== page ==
Three feet from the wall I dropped the oars and held on. A blast of water pushed the boat up on its side, where it hung for a tense eternity. At that frozen instant, pasts and futures pared away. There was only an overwhelming surge of now.
Through the wash of white I saw Michael, camera pressed against his eye, still shooting; then I thought I heard Joanne scream. The boat plunged over, upside down, into the rolling chaos.
I had capsized in the first rapid of the Zambezi, minutes after launching our expedition. The president of Zambia watched from the bridge above, turned to a reporter and asked, “Is that how they do it?”
But we continued, with portages, more capsizes, and mishaps. Between the middle morning and the early afternoon, the canyon was the converse of Joseph Conrad’s Heart of Darkness, assigned to the Congo, just to the north. Here was the “heart of lightness,” wherein the African sun dominated a nearly cloudless sky, and evoked wonder at every turn. But throughout the river remained a welter of spilling water, a spirit aggressively at home in its own body.
About half way down the river one of the rafts was attacked. A ridged snout lunged from beneath and, sinking two long rows of teeth into the raft, exploded one of the inflated tubes. The oarsman, John Yost, reacted instinctively and defensively: he lifted an oar out of its oarlock and began slapping the croc over the head with the blade. The croc made a second lunge, then dived and disappeared. Yost frantically rowed the half-deflated raft to shore, and the other boats, including a kayak paddled by LeVar Burton, made a hasty landing on the nearest beach. LeVar Burton called in the helicopter, and flew away, not to be seen again.
The rest of us continued cautiously downstream. A few days later, late in the afternoon, we came to another spectacular rapid that split the river, one uncharted and unnamed. We scouted, and decided it looked runnable straight down the middle. One of the guides, Neusom Holmes, volunteered to row first. He rode cleanly over the first wave, then rode sideways up the second and flipped. He and his passengers disappeared in the dusk downstream, swimming for shore. Then Jim Slade capsized in the same place. Two flips in one rapid. Now it was my turn.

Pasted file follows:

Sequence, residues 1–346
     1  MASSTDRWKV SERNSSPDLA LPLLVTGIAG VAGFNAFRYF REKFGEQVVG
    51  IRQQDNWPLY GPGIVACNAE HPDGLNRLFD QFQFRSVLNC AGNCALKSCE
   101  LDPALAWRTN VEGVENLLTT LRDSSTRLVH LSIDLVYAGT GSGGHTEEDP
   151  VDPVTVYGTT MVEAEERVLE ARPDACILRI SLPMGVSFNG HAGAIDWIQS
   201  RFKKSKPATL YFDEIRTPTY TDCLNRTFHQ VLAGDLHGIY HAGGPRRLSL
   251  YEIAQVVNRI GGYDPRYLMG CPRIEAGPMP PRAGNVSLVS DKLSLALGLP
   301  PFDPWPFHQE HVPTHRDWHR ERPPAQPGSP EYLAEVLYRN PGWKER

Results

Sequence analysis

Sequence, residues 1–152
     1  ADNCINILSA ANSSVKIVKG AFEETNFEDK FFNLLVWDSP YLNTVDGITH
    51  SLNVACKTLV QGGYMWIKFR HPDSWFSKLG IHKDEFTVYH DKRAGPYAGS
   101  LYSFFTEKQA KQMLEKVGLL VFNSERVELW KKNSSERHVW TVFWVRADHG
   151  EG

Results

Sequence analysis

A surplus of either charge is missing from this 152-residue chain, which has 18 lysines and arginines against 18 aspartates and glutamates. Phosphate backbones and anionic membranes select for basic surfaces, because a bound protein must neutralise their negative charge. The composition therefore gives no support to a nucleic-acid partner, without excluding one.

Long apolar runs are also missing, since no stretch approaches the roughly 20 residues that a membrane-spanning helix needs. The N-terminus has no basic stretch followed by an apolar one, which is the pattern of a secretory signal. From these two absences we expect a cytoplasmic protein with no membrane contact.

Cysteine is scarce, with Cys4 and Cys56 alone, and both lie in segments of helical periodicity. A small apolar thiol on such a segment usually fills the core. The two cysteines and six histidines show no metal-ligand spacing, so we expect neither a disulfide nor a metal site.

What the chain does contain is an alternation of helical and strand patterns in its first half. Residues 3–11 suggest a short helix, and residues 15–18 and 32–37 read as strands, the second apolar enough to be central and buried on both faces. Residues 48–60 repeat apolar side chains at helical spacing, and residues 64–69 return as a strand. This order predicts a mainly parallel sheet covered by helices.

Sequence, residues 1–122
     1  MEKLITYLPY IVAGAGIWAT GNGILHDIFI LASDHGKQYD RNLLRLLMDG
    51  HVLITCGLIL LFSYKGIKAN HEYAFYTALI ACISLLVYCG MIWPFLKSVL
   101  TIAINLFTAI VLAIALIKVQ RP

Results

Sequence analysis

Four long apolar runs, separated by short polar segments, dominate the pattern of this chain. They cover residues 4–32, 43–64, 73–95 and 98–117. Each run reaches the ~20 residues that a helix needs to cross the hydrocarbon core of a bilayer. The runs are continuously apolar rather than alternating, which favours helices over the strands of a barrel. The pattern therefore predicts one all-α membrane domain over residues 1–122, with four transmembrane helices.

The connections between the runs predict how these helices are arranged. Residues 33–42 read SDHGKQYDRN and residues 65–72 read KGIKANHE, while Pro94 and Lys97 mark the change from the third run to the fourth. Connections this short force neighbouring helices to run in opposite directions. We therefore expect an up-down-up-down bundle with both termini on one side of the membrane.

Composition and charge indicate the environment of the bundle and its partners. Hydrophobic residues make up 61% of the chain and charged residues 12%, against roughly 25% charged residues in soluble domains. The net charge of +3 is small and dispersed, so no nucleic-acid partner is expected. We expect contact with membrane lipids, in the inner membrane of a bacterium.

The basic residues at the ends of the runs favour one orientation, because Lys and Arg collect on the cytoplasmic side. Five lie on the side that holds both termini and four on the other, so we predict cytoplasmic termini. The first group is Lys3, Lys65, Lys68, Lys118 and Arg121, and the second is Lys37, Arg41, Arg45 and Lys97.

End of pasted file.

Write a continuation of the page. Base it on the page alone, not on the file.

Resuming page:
I desperately surveyed the rapid for a “cheat” run, but I couldn’t even see 100 yards ahead in the fading light. I had no idea how the others, who had capsized, had fared, whether the water, the rocks, or the crocs, had done any damage. I quickly tightened all the ropes that held the gear in my boat, and took out my waterproof diary and camera box. Then I stepped from the boat, kicked it out into the current, and watched.
The abandoned boat descended into the maelstrom farther to the left than the rafts before me, pirouetted in the first wave, and then rode up over the plume of the second wave, right-side-up. I stumbled down the side of the rapid, and found my boat pitching in an eddy, still upright, with Neusom and Slade inside bailing.
Finally, in the early afternoon of November 5, the current of the Zambezi died in the waters of Lake Kariba. The first descent was done.
I wished I could send a report to Livingstone so he might have the final chapter on this river he spent so long exploring, so he might close the book.
The Zambezi curls through the final gate into this artificial lake, Kariba, sparkling like hammered gold. And like some sort of bottomless adventure treasure, tens of thousands have followed in our oar strokes and rafted the Zambezi, and it is now the top tourism draw in Zambia.
by Richard Bangs
Mountain Travel Sobek is excited to offer one special August 2018 departure of The Mighty Zambezi. Join us on this epic white-water adventure!